Plans to transform Wellingborough’s Castle Fields park will be discussed by the council’s resources committee on 19 October. It is recommended that the committee give the go ahead for the park to benefit from new play equipment, planting, and pavilion facilities, with the first phase of the ambitious project being the restoration of the 100-year-old bandstand.
The bandstand was built in 1913, hosted its first performance on Easter Sunday 1914, and quickly became a key feature in the community. Recently it has suffered from vandalism and has been closed and shuttered since 2008. It's not a listed building but is considered an important heritage feature and local schools and community groups have raised numerous requests for it to be renovated.
The bandstand is constructed from reinforced concrete and has major problems with its roof structure, drainage and waterproofing. Estimates for the specialist renovation work, which would include extensive repairs to the concrete and the roof, would be around £75,000.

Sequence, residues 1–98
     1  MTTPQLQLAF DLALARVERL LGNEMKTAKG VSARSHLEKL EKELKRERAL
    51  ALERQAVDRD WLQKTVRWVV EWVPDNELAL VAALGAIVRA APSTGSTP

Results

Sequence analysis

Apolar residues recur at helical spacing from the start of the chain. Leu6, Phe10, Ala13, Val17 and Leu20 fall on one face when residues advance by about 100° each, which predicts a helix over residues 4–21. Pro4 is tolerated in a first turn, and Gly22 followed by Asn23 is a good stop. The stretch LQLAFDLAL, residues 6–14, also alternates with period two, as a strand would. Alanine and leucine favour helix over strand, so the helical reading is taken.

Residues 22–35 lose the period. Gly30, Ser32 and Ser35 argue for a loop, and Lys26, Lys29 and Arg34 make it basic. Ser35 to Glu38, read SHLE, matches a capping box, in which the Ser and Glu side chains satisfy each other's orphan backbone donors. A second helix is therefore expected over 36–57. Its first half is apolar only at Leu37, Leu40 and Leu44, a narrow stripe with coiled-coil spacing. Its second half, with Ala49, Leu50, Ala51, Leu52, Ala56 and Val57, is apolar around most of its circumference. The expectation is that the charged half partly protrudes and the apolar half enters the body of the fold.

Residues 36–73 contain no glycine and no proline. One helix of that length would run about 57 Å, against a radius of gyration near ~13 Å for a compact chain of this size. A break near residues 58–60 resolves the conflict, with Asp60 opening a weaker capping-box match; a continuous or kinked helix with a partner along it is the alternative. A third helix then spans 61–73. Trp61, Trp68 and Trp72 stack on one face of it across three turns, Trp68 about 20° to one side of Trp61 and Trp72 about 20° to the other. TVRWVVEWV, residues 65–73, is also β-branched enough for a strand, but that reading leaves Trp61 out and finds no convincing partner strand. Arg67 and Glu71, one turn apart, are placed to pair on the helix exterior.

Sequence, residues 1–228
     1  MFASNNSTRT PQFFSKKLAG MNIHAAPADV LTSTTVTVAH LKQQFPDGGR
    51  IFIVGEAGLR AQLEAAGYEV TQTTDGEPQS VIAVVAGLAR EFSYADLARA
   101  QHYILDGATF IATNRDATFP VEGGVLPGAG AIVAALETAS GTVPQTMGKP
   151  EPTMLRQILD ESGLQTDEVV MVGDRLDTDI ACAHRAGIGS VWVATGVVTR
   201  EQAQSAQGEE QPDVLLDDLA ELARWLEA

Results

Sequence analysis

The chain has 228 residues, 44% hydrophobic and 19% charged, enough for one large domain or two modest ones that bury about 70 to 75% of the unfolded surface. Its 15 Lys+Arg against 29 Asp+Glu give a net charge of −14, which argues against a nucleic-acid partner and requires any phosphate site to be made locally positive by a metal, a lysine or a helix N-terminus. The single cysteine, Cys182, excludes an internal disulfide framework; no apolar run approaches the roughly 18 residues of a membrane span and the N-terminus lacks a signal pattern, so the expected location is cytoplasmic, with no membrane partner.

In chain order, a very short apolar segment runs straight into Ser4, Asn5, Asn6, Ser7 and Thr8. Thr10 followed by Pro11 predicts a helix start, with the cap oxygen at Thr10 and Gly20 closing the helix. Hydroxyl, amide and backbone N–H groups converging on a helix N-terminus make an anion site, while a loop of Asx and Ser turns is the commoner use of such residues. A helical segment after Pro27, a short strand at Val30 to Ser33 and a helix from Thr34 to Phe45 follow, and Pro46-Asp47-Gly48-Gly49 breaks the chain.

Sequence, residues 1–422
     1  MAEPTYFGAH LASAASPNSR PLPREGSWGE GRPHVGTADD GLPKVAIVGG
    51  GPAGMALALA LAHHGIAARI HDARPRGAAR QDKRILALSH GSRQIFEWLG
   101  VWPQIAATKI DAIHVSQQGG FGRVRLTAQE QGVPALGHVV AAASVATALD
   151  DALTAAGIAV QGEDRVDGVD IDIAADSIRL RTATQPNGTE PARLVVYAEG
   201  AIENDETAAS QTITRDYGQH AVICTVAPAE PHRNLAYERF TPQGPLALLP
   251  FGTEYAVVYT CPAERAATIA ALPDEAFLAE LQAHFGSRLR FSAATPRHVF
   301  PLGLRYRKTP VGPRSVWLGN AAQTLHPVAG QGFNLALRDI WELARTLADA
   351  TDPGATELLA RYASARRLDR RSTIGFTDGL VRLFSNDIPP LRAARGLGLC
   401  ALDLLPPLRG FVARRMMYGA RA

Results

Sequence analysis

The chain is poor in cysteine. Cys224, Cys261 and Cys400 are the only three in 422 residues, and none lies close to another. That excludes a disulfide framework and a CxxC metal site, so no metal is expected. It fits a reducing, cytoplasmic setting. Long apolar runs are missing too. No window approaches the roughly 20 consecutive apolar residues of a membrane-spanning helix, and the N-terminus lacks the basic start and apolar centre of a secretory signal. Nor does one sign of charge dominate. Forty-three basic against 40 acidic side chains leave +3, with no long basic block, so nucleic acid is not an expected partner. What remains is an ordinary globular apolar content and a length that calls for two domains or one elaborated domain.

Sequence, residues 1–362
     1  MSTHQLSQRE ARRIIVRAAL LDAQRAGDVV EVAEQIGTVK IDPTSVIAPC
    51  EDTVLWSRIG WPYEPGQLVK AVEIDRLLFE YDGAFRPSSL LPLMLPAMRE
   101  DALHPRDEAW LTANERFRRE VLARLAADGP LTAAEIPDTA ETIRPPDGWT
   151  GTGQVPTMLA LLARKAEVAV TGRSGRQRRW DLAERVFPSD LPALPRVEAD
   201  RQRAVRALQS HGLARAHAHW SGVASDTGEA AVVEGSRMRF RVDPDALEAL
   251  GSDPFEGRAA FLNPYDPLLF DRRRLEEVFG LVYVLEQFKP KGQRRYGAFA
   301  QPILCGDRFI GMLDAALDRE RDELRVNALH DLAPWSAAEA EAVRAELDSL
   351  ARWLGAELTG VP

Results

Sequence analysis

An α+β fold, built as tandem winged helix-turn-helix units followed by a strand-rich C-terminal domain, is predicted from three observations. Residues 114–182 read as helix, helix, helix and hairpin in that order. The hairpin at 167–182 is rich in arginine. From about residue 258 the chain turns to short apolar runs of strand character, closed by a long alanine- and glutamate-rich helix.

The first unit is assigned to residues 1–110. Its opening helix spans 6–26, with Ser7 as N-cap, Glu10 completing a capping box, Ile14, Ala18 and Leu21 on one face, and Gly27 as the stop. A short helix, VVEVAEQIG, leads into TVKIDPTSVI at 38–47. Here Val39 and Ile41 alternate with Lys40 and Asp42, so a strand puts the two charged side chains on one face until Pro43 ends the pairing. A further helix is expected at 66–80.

The money for the changes to the park will come in part from contributions made by developers that have built houses and flats nearby. As a means to mitigate the impact of their developments on the area they signed agreements to contribute an amount to improve open spaces close by. The total amount of contributions stands at £352,000 and if it's not spent it must be returned to the developers. This amount, together with a contribution from the council's capital fund, could see the park benefit from extensive refurbishment and also pay for long-term maintenance.
Cllr Bell, chairman of the Resources Committee said: "To restore the bandstand and refurbish the park is something that will have a real benefit to the community and we're pleased that we're now in a position to plan the project. We believe it's very important to get the community involved, and we know that we have local champions such as All Saints School and the Victoria Centre and that the bandstand will be used for events, concerts and drama performances. When residents feel they have ownership of the park and the bandstand, and frequently use the bandstand for community events, the chances of vandalism and antisocial behaviour occurring again should be reduced."